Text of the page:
OpenFeint, the popular social networking framework for iPhone gaming, is hopping on the iPad bandwagon. The developers have cited the iPad’s $499 starting price point and large screen size, which is the equivalent of four iPhones put together, as the biggest reasons to be excited for the future of iPad gaming.
“[The iPad's screen] brings a completely new dimension of games you can play,” says Peter Relan, Chairman of OpenFeint. “Going from the screen size of the iPhone to that size screen is a dramatic difference. Now you have so much real estate it’s mind blowing what you can do both [with] games and OpenFeint integrations.”
OpenFeint can be found in over 900 live iPhone and iPod Touch apps, and has garnered 10 million users. Accomplishing tasks in OpenFeint-enabled games earn users achievements with points that accumulate much like Xbox Live’s Gamerscore. Users can sync their OpenFeint profiles with their Facebook or Twitter accounts to find friends, and in-game achievements can be posted to either service automatically.
The most exciting doors that the iPad’s screen is opening for OpenFeint involve how many new ways they can arrange and present data. Relan mentioned being able to display multiple leaderboard types, giving users a larger profile picture and having a scrolling ticker on the screen streaming real time updates.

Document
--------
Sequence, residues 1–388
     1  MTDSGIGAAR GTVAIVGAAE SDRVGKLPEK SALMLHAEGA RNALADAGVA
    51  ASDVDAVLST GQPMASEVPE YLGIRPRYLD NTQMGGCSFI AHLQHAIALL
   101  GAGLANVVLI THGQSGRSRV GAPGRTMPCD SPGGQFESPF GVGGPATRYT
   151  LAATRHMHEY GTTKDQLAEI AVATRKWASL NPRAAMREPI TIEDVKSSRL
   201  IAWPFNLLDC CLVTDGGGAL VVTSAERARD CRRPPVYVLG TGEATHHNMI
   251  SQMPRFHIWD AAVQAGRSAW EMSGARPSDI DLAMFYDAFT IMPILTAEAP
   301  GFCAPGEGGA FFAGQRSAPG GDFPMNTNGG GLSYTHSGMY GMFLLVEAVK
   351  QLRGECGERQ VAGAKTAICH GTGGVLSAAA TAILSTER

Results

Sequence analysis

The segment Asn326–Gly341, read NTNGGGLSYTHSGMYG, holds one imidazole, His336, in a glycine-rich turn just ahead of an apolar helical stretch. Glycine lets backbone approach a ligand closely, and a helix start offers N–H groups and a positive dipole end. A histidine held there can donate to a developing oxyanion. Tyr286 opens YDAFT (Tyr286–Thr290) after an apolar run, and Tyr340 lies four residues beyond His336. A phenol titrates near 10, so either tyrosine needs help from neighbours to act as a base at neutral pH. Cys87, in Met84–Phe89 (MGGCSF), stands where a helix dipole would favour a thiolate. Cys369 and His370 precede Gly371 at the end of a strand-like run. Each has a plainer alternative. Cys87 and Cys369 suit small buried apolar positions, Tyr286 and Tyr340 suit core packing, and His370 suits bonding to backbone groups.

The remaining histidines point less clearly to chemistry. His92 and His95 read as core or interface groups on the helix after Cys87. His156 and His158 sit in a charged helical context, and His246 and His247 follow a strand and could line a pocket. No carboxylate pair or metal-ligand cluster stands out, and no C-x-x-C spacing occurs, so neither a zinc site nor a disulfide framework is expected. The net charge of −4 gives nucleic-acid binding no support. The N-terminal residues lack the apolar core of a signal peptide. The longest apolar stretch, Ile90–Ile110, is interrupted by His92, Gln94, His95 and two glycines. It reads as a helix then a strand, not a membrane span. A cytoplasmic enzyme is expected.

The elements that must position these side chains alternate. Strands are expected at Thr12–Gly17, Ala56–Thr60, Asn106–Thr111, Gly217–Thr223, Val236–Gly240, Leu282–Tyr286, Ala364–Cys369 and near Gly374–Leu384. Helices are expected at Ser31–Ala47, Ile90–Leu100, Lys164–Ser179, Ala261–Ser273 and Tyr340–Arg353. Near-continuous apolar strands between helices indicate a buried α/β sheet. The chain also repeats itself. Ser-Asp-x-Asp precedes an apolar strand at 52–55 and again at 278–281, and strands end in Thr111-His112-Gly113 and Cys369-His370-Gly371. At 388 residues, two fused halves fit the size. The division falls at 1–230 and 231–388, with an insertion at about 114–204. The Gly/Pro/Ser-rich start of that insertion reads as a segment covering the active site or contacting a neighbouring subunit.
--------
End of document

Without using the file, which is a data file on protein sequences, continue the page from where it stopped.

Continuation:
Even more importantly for the company is the larger screen’s ability to get a greater variety of OpenFeint-supported games into users hands more easily. “On one OpenFeint screen on the iPad we can feature the 30 best apps,” says Relan. “The [on-screen] real estate gives you a bird’s eye view that is so much richer with an iPad than on the iPhone.”
Relan notes that while the iPad seems to have the eBook market in its sights, its eventual price drop will make it a very affordable gaming machine. “They clearly priced it at the Kindle price point and I think it’s going to go down to $250. I think within the next twelve months it is a hot gaming device.”
Relan also believes the iPad has the tools to invade the living room and compete with the console juggernauts for their casual gamers. “Reading, watching videos and playing games. Where do you do all that, pretty much in your living room, right? And where’s the console, pretty much in your living room, right?” Relan believes that the iPad, much like the Wii, will create casual gamer living rooms where there were none. “My view is it may not cut into the hardcore gamer console market, but it will expand the ‘living room’ console market.”